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A number of years ago an article appeared in Westways magazine about Al Brown. I did not save the issue, so I am not sure of the date. I had been a seven-year old boy from Germany in 1929 when I first met Al. My wife and I called and visited him at the Lite-a-Line site soon after the article appeared. He was very gracious and showed us a small room literally packed with post cards and other paraphernalia about the Pike. We spent about an hour looking at the material and could have spent all day - time permitting. I have often wondered where all that historically valuable material ended up. Do you know? Does Richard Olson, who wrote on your site about Al's son, Leonard, know? It certainly deserved to be preserved by a responsible keeper of Long Beach Pike history.
parents and I were new arrivals from Germany sailing through the Panama
Canal and landing in San Pedro Harbor in June 1929. My mother's
Fred Winkmann, who sponsored us, owned a souvenir shop directly across
from the original merry-go-round site (see above photo
showing my mother, her uncle and me in front of the shop.) We all
lived in the back of the store. Al Brown and other Looff
allowed me to ride free as long as I wanted during lulls in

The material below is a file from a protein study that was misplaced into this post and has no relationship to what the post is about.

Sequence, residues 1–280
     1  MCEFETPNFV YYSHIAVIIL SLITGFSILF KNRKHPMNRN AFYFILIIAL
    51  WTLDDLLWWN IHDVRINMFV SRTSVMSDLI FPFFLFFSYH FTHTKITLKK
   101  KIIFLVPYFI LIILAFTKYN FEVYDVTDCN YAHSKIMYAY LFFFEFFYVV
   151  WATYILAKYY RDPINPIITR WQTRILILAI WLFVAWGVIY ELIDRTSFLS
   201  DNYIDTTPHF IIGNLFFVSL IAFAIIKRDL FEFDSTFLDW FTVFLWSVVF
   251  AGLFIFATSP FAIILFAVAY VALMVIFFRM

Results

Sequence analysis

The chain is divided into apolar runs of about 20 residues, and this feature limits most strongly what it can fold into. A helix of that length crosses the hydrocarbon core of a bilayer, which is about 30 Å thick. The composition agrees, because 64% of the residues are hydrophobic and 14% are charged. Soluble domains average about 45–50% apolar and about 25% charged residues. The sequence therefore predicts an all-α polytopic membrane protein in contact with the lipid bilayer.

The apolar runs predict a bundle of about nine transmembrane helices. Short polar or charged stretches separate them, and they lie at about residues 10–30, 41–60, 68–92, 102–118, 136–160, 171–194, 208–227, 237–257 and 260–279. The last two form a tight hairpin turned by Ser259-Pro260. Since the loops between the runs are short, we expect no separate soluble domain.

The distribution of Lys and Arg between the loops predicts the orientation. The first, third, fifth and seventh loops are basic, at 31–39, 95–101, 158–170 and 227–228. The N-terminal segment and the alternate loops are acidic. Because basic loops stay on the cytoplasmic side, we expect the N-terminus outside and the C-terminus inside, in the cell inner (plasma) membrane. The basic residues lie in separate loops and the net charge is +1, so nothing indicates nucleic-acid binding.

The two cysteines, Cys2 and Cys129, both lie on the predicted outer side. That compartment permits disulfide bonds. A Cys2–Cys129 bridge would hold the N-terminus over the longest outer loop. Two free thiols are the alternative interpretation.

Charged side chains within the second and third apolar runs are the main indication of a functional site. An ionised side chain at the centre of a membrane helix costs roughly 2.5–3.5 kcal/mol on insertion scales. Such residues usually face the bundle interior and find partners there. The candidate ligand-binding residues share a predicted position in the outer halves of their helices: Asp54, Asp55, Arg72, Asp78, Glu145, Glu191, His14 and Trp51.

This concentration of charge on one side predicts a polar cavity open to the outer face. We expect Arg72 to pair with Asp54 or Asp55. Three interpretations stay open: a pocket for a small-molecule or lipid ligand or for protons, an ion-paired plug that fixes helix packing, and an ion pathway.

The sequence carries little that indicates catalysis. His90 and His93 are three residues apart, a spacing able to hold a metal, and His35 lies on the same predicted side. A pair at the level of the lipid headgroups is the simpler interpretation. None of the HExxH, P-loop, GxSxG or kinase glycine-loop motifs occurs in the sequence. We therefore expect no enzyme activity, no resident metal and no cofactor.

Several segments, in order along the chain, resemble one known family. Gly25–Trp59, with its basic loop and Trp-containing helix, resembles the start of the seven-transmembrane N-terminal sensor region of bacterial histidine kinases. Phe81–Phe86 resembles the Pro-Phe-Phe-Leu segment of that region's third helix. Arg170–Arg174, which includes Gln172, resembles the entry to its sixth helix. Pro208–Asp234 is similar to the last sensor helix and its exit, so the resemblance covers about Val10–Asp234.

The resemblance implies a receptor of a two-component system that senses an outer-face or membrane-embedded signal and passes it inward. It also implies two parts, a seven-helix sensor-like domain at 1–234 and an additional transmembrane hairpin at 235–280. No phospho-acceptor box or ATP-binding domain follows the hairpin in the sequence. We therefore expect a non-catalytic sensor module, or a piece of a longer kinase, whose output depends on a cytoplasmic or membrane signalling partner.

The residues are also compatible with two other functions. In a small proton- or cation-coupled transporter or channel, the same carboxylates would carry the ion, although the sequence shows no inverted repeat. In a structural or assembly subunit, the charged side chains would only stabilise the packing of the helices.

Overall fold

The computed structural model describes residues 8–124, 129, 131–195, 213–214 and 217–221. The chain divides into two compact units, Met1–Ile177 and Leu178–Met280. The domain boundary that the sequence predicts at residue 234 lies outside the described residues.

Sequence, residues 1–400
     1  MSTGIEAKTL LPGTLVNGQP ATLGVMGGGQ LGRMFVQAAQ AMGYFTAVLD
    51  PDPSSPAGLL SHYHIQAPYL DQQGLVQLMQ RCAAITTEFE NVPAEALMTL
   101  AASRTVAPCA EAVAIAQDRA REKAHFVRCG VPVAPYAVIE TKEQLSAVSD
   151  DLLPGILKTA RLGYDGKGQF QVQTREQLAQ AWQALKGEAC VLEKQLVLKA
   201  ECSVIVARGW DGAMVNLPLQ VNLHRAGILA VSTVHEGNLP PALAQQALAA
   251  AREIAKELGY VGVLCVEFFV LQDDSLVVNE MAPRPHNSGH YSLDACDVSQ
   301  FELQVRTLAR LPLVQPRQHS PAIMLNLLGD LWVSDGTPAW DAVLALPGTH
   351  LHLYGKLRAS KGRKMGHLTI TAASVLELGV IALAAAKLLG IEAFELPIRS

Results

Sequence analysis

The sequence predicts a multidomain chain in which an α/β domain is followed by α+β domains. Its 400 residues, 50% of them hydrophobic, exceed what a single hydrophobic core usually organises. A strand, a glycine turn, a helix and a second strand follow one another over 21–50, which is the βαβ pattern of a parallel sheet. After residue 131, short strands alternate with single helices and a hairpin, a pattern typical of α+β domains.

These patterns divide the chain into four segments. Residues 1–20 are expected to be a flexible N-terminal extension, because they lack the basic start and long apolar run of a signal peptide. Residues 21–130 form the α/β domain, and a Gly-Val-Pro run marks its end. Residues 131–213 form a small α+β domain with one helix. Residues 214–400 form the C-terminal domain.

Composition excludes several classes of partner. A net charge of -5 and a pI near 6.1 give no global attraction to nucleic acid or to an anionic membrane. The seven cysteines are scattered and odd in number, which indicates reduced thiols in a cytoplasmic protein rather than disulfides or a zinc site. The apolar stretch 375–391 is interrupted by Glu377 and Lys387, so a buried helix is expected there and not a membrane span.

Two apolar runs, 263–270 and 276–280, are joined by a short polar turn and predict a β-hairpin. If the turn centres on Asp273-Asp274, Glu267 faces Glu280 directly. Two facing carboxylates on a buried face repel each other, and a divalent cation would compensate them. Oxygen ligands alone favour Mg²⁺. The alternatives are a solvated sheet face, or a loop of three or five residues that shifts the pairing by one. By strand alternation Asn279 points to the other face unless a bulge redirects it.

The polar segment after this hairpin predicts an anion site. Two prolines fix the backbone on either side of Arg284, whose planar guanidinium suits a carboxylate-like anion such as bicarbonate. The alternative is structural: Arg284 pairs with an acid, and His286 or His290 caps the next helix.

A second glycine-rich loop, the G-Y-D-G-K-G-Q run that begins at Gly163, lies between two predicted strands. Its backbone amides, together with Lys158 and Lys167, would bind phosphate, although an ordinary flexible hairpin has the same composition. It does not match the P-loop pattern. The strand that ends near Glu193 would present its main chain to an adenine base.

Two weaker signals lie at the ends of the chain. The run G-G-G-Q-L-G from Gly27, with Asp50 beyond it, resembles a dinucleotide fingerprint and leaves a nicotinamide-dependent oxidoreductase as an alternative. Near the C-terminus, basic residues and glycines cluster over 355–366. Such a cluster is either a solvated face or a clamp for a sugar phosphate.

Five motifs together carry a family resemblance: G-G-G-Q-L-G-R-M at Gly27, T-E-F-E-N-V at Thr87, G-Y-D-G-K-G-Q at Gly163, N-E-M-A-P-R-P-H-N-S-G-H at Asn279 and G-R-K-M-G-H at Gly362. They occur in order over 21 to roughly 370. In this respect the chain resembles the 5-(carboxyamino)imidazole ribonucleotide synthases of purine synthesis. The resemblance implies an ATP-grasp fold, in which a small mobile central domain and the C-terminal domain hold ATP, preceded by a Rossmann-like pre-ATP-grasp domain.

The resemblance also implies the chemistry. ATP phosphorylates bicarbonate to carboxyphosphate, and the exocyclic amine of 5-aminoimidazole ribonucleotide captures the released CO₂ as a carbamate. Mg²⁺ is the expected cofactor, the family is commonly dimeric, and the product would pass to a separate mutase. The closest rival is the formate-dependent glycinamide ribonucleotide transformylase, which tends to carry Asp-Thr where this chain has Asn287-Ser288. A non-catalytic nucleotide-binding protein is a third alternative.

My biggest joy came when I snagged the gold ring. Photo top right
shows my father (Jean J. Vogel,) my mother (Elsie F. Vogel)
and me (Hans W. Vogel) at age 7 in front of the original site of the
merry-go-round in 1929.
I have many more fond memories of Long Beach and the Pike in particular. Another Al who more or less adopted this little German boy was a life guard - Al Chin. Al was a Walt Disney artist who worked as a life guard in the Bath House Plunge and on the beach in front of the Plunge during the summer months. He allowed me to enter the Bath House free when he was on duty. The first time he let me in I went to the deep end where the 10 ft. diving platform was located (see attachment PlungePhoto.jpg and jumped in without knowing how to swim. Nobody saw me struggling to get out. Finally, I grabbed the water overflow rim and pulled myself up. I never made that mistake again nor did I tell my parents or Al about it.
I graduated from Long Beach
Polytechnic High School in February 1940. After serving in the U.S.
Army for 37 months (in Europe under General George S. Patton for one
and one-half years,) I graduated from USC under the GI Bill of rights
in 1947. My wife, Barbara (Bobbie) nee Bogart, graduated from Poly in
June 1940. We were married in the Normandy Wedding Manor at the corner
of Linden Avenue and Ocean Blvd ( it
has since been torn down) in September 1942.
start with the picture you printed in the Press Telegram on Monday
Sept. 20, 2003 and then we will take a short trip down my history of
the Pike, also known as "Walk of a Thousand Lights."
name is Tim Edwards, and my brother is Ted Edwards Jr. We also
have two sisters. Our dad, Ted Edwards, was one of the head
mechanics at The Pike from the mid-1960's until he died in 1974.
We were able to run around The Pike like we owned the place and
had a large extended family with the other workers. We are
looking for anyone who knew our dad and if there are any photos they
might have of him. I was 6 years old when he died and have no
photos of him. Our mom was Jane Edwards so someone might know him
from her. Any help that you can give us would be appreciated.
The Pike and the people we grew up with there are a big part of
LOOKING FOR INFORMATION ON A MAN NAMED: NATE MILLER
Robert Bohjanen email:
Entire contents of